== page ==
This January has been unkind to markets. Singapore’s STI is down 6% and other markets in the region are struggling too. Shanghai is down 15%, Hong Kong is off 10%, and the Philippines has dropped 8% in 2016 so far.
For some markets, this means bad things for the rest of the year. A theory called the “January barometer” says that if a market falls for the full month of January, it will end down for the entire year. But if January is positive, the markets will end the year in the black.
For U.S. markets, the January barometer has been a very accurate way to predict how the S&P 500 will end the year. It’s been correct for 57 of the past 65 years. That’s a lot better than just about any so-called market expert.
Of course, the month of January has no prophetic abilities or other special powers. And there shouldn’t be any relationship between what happens in January and what happens from February on. But markets have moved in a way to prove the January barometer theory.
However, for local stock markets, the January barometer isn’t quite as accurate – but it’s still not bad. Looking back at markets from 1991 to the end of 2015, we tracked how markets ended the year, when January was up or down. For Singapore, a positive January meant the local STI finished the year positive 71% of the time. So over the past 25 years, the STI has finished January in the black 14 times – and of those 14 times, it’s finished the year in the positive column 10 times.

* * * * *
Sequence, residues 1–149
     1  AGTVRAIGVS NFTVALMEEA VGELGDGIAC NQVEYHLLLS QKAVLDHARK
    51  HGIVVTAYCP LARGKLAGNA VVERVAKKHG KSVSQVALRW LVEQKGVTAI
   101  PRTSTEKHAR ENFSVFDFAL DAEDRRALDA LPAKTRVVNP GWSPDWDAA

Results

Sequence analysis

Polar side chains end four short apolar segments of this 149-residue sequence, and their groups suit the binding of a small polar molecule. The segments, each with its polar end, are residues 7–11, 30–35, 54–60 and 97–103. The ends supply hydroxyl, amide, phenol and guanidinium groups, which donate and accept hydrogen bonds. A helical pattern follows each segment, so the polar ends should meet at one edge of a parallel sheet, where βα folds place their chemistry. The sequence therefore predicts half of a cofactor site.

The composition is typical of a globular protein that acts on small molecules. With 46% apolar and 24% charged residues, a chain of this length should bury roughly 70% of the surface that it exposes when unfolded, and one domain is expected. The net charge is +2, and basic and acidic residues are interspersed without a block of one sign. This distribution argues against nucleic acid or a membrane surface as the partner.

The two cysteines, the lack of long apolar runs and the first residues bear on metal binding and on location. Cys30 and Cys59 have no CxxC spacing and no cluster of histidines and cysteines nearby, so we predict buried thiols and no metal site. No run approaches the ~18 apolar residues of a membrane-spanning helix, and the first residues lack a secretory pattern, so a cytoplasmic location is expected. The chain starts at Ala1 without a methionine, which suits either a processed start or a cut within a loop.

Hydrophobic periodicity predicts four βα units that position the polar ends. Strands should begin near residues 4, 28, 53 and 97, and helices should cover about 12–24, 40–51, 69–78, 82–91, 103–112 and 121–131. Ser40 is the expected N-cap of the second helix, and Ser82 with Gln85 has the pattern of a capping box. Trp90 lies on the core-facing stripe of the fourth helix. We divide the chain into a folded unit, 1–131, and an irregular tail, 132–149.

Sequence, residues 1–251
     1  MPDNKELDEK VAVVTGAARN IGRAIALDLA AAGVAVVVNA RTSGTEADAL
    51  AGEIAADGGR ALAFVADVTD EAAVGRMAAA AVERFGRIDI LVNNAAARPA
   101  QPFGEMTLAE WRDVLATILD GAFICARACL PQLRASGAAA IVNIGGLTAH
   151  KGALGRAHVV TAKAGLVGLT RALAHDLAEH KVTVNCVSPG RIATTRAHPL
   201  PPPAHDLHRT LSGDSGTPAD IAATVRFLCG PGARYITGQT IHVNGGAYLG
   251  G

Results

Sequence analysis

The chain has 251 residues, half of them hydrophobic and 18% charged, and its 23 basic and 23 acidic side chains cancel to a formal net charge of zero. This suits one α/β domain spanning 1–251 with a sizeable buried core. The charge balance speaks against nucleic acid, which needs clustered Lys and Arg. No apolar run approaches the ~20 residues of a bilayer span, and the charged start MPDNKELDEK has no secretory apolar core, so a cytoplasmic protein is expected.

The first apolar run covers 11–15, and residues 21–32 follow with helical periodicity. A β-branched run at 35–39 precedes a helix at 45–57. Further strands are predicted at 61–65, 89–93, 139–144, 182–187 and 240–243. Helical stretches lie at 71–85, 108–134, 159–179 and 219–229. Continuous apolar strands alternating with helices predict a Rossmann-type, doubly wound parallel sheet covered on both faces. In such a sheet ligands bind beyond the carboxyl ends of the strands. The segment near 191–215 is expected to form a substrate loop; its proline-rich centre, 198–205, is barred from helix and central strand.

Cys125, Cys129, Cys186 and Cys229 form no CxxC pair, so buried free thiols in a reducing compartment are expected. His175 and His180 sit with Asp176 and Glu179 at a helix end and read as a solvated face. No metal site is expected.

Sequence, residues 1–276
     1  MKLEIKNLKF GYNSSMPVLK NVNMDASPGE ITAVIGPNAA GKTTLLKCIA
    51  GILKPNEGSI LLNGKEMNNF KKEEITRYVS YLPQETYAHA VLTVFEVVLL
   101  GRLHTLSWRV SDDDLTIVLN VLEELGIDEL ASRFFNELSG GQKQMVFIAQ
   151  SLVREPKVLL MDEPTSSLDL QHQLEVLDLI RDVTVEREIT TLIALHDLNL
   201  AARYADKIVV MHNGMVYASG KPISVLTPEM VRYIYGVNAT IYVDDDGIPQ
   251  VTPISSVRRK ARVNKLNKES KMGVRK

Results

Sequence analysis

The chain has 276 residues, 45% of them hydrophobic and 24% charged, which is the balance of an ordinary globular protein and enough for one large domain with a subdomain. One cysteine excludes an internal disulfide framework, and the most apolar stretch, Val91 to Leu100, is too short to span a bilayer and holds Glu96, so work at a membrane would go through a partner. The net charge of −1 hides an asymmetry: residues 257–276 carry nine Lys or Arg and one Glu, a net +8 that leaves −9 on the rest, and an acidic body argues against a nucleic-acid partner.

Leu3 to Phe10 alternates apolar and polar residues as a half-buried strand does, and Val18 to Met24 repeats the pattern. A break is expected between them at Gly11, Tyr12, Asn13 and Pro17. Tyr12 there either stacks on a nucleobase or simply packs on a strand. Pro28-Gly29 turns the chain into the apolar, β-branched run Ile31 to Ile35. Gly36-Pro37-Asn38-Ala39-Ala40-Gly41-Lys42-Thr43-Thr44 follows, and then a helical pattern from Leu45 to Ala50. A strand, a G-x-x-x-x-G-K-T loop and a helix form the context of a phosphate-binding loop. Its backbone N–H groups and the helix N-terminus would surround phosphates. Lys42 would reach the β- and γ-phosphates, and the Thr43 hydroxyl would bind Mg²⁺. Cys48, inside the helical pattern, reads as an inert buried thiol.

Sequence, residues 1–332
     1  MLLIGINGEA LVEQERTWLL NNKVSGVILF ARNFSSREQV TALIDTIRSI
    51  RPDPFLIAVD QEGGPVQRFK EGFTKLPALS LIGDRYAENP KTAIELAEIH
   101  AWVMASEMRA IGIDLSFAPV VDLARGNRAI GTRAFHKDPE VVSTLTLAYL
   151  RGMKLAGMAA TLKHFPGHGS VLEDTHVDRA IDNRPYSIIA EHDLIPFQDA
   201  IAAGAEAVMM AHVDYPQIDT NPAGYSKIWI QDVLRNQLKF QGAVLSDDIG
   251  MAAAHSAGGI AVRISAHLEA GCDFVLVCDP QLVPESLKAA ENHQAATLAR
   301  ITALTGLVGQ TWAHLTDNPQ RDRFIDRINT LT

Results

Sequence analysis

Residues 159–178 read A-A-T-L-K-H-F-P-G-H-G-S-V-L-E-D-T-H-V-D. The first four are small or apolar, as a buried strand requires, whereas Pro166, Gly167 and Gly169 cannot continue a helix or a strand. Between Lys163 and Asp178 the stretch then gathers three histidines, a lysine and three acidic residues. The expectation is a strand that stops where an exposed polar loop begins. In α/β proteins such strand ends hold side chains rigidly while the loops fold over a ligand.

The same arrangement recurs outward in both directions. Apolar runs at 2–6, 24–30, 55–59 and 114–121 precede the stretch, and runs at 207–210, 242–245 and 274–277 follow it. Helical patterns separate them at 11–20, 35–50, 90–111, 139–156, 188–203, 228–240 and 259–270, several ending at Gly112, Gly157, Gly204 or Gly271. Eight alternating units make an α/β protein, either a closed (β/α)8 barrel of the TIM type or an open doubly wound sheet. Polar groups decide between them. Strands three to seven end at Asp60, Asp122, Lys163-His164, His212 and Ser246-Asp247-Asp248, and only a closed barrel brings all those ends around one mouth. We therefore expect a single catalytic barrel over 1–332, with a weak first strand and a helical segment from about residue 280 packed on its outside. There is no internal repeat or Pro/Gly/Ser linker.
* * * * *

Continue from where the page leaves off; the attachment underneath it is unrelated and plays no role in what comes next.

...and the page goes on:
That’s a pretty good hit rate. But it was less than for the Philippines (76%) and Vietnam (89%).
The good news – since this January has been a bad month – is that the barometer doesn’t work as well when stocks fall in the first month of the year. For the STI, a negative January translated into a negative year 55% of the time. Of the 11 times over the past 25 years that the index finished in the red for January, it wound up showing a decline for the year a total of six times. That compares to 67% for Shanghai, and 64% for Thailand.
Of course, January is far from over. Things could turn around – or get worse. And what’s happened in the past is no guarantee it will happen again in the future. But this is perhaps a glimmer of hope we can look to as Singapore’s, and the region’s, markets remain volatile.
This article is contributed by Kim Iskyan, the founder of Truewealth Publishing (www.truewealthpublishing.asia
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